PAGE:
|Purpose||To reform the media; to conduct research on how the current media system influences the development of public policy and educates the public and policy-makers on how a more diverse and public service-oriented media system can stregnthen American Democracy; and to promote diverse and independent media ownership, strong public media, and universal access to communications.|
|Jessica J. González|
Chief of Staff
|Misty Perez Truedson|
|Subsidiaries||Free Press Action Fund (501(c)(4))|
Free Press is a United States advocacy group that is part of the media reform or media democracy movement. It gives the following mission statement: "We focus on saving Net Neutrality, achieving affordable internet access for all, uplifting the voices of people of color in the media, challenging old and new media gatekeepers to serve the public interest, ending unwarranted surveillance, defending press freedom and reimagining local journalism." The group is a major supporter of net neutrality.
It is part of the broader "media reform movement" (or "media democracy movement"), and has described its work in these terms. This movement promotes ideas of "media localism" and opposes media consolidation. Like other organizations that are part of the same movement (such as the Consumer Federation of America, Consumers Union and the Center for Digital Democracy), Free Press is concerned with issues such as Federal Communications Commission regulations, "as well as Congressional funding for public broadcasting and the malfeasance of corporate media."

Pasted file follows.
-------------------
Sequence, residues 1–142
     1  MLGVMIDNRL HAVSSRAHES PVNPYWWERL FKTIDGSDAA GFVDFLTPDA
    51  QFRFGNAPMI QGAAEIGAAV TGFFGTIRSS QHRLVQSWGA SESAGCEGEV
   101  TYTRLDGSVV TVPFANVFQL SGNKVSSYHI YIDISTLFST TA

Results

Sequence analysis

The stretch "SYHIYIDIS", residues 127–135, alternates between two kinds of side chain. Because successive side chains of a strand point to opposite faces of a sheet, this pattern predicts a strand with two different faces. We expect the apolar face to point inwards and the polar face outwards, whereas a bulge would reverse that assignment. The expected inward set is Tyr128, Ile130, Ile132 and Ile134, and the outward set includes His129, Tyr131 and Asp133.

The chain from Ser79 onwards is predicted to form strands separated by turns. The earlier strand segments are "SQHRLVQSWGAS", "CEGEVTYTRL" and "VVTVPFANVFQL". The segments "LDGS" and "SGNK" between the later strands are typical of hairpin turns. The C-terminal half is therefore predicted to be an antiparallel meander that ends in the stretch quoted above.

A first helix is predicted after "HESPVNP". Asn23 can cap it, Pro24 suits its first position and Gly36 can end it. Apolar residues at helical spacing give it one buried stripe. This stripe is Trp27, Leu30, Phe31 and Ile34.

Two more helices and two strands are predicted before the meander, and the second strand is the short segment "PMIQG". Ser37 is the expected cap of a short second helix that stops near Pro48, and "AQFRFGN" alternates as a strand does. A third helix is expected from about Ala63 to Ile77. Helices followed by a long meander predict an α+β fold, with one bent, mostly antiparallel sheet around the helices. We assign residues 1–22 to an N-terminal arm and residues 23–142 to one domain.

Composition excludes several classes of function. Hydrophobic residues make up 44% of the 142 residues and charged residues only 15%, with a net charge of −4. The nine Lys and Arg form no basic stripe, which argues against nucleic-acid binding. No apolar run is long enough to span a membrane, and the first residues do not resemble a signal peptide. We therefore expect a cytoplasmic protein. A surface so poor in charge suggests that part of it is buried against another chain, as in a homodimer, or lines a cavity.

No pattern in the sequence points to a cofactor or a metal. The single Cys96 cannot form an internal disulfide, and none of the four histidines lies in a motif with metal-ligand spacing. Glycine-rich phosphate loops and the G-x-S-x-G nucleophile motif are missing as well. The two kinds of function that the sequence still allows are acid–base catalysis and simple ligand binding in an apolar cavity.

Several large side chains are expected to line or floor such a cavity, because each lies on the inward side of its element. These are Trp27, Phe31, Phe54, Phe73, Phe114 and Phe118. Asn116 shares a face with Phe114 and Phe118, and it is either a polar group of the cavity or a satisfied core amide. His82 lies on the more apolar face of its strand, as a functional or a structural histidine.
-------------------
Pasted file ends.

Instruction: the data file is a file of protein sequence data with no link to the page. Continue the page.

Free Press leads the Save the Internet coalition, which advocates for net neutrality. The coalition consists of individuals, nonprofits, and companies, ranging from advocacy groups to consumer groups to Silicon Valley companies, including Google and Microsoft.
Free Press is a strong supporter of net neutrality. In 2008, Free Press was the key mover in a pro-net neutrality campaign that "drew together strange bedfellows, including the Christian Coalition, the American Civil Liberties Union and the Gun Owners of America, and helped set in motion a broader debate on the issue" that resulted in an FCC hearing on the subject. In its campaign for net neutrality, Free Press has been allied with Democratic members of Congress. The group supports the 2015 Open Internet Order, in which the FCC classified broadband internet as a common carrier service under Title II of the Communications Act of 1934, which meant that "no content could be blocked by broadband providers and that the internet would not be divided into pay-to-play fast lanes for internet and media companies that can afford it and slow lanes for everyone else."
Free Press has long been strongly critical of FCC Chairman Ajit Pai because of Pai's opposition to net neutrality regulations. In 2017, Free Press's president Craig Aaron has said that the reversal of the 2015 Open Internet Order "would put consumers at the mercy of phone and cable companies." Pai, in turn, has been critical of Free Press, asserting that Free Press has a "socialist" agenda.